From last September to January we also earned £440 a month for having a university student as a lodger.
However over the years we have had students for different periods of time. With the language school we use the most, we hosted one student for two months and with a different school we took two students at a time for 10 nights.
The language schools we work with pay every two weeks via bank transfer. When we had a lodger she paid us on the 20th of each month in cash, it is for you to arrange with the individual.
Benefits for family life
Our children have loved hosting foreign students. The students seem to like talking to them as their grasp of English language is often on a similar level!
As a family we always seem to learn a lot about different cultures and countries which is enjoyable, having had German, French, Spanish, Swedish and Saudi students so far. Some students are better than others at interacting with our kids, but so far we have not had too many problems!
If the stay goes well we’ve had offers to visit the student’s family if we are ever in their country. So far we have not taken up the offers but were tempted by the thought of staying in the Saudi Palace which was home to one of our students!
Things to consider
If you currently get a single occupancy discount on your council tax, you may no longer be able to claim it. Provided that the person staying with you is a student or they pay council tax elsewhere then you will still get your discount.
You will also need to consider if your current contents insurance covers you with a extra guest and that your mortgage allows you to have a lodger.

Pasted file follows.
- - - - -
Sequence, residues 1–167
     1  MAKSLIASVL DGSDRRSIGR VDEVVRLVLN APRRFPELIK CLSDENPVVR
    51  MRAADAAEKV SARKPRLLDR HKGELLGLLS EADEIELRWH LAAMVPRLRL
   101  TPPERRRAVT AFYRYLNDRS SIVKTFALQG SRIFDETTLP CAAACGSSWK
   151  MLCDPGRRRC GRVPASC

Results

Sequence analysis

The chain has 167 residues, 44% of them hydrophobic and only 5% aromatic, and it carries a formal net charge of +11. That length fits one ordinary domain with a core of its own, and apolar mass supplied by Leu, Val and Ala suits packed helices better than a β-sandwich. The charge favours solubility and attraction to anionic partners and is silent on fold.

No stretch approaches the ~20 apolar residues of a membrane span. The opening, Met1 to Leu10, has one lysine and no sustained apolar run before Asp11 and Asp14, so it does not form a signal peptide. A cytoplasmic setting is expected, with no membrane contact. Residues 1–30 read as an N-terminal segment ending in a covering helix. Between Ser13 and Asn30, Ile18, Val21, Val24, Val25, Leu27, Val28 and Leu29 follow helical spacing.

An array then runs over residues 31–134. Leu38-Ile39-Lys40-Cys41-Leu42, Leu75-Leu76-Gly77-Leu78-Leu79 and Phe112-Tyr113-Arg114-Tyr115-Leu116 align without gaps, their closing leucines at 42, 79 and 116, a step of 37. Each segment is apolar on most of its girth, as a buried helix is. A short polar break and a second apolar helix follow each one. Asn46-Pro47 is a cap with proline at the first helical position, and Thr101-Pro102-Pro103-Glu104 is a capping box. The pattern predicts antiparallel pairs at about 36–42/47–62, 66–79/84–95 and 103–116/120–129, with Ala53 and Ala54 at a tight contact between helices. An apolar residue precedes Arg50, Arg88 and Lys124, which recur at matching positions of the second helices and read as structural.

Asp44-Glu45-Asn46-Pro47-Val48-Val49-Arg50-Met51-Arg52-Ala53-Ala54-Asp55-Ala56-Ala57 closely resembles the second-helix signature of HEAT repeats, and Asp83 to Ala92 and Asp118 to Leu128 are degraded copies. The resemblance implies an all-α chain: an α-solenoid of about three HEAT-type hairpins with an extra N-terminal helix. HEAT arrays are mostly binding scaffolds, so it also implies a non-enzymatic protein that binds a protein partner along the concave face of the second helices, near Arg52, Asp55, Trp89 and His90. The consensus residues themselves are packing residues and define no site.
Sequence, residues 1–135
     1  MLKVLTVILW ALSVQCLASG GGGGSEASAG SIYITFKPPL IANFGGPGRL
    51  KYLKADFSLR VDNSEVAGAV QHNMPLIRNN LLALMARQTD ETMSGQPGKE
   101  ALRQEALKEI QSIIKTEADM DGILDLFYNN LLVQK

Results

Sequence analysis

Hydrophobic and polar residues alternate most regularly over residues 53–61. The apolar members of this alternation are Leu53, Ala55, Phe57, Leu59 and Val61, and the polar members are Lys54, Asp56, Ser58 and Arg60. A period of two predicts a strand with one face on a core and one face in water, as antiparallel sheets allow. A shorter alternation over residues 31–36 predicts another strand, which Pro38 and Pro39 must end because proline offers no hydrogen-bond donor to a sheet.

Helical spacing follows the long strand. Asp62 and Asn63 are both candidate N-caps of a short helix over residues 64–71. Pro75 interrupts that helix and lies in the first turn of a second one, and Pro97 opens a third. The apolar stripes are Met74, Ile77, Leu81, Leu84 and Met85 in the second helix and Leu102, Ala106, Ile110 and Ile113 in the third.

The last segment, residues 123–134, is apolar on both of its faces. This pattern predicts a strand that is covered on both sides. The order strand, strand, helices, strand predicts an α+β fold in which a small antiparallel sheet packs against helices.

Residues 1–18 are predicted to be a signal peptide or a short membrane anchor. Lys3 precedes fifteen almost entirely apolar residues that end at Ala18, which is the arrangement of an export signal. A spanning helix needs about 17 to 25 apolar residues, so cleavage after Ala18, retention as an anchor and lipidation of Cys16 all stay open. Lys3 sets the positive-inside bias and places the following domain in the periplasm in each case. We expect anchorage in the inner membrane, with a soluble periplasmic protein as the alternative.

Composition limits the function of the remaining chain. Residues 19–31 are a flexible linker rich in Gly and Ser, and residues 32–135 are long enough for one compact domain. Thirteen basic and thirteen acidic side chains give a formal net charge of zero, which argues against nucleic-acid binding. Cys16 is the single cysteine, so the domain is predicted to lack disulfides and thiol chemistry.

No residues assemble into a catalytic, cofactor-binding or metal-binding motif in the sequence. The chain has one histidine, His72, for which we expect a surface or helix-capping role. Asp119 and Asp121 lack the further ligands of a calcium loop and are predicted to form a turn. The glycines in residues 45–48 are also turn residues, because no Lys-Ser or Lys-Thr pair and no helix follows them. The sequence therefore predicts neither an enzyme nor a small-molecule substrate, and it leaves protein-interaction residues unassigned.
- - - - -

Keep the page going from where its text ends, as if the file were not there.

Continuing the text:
5 tips to maximise your earnings
- Register with more than one school so you’ve got as many opportunities in your local area. Once registered keep phoning and pestering the schools for students.
- Be clear with the schools as to when you are available for hosting foreign students. They don’t like moving students between homes because you forgot about a long weekend you had booked in the diary!
- Be prepared! Have bus times and directions ready for them as they will need to get to the school or university on their first day. Give them your mobile phone number so they can message you about what time they will be back and if they need evening meals!
- Ask friends, colleagues and relatives in your area or any extra pointers. We were surprised at how many people had been making money hosting students.
- Familiarise yourself with Google translate, some students may speak little English when they arrive!
Foreign students aren’t around at all times of the year. If you are looking for other ways to increase your income and want to hit the maximum tax free amount you can earn, you have a few more options.
Consider taking in a lodger. Look on Spare Room which is a very simple to use and popular website which can help match lodgers to rooms.
You could also look to rent out your room on a shorter term basis via sites like Wimdu or airbnb. They are aimed at holiday makers or people looking for a short break who want cheaper alternatives to hotels or B&Bs.